The Kings of Summer features Nick Robinson, Gabriel Basso, and Moises Arias as three kids who take off into the woods to build their own house over the course of a summer. Nick Offerman, Megan Mullally, and Alison Brie play family members, and along with comedians such as Kumail NanjianiMary Lynn Rajskub, and Hannibal Buress provide some of the film’s comedic highlights.

Jordan Vogt-Roberts will be at the show tonight, as will Robinson, Basso, and Arias. Other attendees are being set up as well, and some of that comedic supporting cast can be expected to show up. Get tickets here.

‘Kings of Summer’ Red-Band Trailer

Toy's House

This new red-band trailer for The Kings of Summer, from Jordan Vogt-Roberts, does a much better job of capturing the movie’s character, humor, and adolescent unease than the first trailer did. In fact, this is the look at the film that audiences should have had in the first place.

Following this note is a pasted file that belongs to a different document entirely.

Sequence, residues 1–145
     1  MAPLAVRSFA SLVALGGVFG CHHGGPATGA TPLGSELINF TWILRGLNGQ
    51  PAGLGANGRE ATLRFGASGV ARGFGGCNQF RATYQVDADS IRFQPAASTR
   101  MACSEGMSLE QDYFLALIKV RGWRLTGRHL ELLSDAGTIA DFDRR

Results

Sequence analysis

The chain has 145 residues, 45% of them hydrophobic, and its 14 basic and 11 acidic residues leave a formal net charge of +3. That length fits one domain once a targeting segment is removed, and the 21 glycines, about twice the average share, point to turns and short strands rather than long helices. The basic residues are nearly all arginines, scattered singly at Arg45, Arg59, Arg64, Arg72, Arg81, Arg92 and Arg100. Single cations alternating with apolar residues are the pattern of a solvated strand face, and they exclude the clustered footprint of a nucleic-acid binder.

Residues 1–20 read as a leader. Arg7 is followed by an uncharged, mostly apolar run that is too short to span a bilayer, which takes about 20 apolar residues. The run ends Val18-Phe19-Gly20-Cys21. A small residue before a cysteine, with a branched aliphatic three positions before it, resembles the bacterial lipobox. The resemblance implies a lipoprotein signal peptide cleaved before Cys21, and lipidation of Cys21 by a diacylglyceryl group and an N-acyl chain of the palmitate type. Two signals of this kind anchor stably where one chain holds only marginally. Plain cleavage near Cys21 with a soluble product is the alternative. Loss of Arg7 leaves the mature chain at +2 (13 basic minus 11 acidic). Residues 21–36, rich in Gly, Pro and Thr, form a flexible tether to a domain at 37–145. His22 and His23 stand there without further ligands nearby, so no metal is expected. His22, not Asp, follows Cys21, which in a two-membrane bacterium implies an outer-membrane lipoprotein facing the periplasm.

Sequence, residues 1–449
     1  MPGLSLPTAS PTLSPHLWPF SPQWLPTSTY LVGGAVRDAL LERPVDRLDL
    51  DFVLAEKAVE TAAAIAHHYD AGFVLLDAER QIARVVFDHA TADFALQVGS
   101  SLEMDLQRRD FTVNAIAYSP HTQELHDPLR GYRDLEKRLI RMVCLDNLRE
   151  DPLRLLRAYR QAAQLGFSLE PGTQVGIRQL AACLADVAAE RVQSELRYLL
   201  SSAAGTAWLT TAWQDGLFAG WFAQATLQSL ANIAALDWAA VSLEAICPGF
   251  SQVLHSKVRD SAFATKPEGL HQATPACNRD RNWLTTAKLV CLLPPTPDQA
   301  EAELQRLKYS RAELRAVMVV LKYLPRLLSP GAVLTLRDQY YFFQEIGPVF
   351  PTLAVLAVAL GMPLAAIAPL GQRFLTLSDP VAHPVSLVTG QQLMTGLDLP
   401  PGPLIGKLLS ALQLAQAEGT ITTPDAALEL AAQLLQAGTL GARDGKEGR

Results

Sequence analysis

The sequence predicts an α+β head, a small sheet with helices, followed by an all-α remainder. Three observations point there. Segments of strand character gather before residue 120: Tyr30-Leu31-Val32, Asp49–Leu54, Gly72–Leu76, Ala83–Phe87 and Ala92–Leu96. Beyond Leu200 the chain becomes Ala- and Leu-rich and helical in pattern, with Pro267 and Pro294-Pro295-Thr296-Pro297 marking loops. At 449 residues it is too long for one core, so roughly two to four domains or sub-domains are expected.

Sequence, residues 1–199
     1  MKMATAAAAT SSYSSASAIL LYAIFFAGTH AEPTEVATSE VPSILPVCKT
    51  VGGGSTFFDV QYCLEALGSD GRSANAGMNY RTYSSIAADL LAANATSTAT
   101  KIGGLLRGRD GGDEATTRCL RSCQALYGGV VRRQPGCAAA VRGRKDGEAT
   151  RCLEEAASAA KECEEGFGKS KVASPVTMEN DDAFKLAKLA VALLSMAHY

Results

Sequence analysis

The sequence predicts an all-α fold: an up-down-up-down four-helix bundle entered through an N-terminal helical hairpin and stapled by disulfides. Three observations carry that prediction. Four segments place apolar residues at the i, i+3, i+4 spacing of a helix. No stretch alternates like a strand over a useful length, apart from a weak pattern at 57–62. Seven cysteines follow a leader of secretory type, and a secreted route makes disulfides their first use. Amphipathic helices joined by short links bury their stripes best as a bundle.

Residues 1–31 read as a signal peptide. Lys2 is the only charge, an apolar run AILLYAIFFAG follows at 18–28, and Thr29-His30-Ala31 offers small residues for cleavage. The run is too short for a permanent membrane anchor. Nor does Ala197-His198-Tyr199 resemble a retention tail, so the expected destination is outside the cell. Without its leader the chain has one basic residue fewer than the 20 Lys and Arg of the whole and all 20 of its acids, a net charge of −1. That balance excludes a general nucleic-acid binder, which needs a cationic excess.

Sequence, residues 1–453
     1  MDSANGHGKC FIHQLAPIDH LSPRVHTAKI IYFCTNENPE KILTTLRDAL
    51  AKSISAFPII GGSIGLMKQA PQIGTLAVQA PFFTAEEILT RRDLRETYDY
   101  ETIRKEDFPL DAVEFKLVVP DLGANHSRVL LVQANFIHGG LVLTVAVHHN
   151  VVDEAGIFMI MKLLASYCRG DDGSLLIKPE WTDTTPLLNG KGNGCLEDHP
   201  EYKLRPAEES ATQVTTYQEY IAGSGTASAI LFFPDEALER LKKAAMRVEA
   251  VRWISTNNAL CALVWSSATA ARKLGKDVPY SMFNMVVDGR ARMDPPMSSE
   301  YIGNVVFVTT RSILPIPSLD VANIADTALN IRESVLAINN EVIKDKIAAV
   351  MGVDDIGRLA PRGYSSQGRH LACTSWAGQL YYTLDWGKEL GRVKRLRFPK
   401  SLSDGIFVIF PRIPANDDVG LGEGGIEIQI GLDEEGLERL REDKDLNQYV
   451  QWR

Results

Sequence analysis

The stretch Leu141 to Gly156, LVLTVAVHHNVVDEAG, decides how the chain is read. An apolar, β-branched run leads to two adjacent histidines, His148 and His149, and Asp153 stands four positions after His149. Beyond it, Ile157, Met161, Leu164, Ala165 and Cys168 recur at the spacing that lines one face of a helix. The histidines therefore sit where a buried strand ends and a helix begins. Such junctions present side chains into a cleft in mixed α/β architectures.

Nick Robinson, Gabriel Basso, and Moises Arias play three kids who take off into the woods to build their own house over the course of a summer, while Nick Offerman, Megan Mullally, and Alison Brie play family of a couple of the kids, and actors like Kumail Nanjiani, Mary Lynn Rajskub, and Hannibal Buress show up in comic supporting roles. You’ll see a lot of them in the trailer. A lot of the interaction of the core character trio here is limited to their forest shenanigans, but that’s a great way to get to know them. Read More »

Toy's House

Joe is sick of dealing with his depressed father after the death of Joe’s mother; Patrick’s cloying parents are getting him down, too. Sounds like the beginning of a typical teen comedy, but The Kings of Summer (which debuted at Sundance as Toy’s House) isn’t quite that. This is a coming of age story that calls back to certain tendencies from ’80s teen movies. Yet it has personality of its own to spare as Joe, Patrick, and a strange friend literally make their own home as as summer blooms.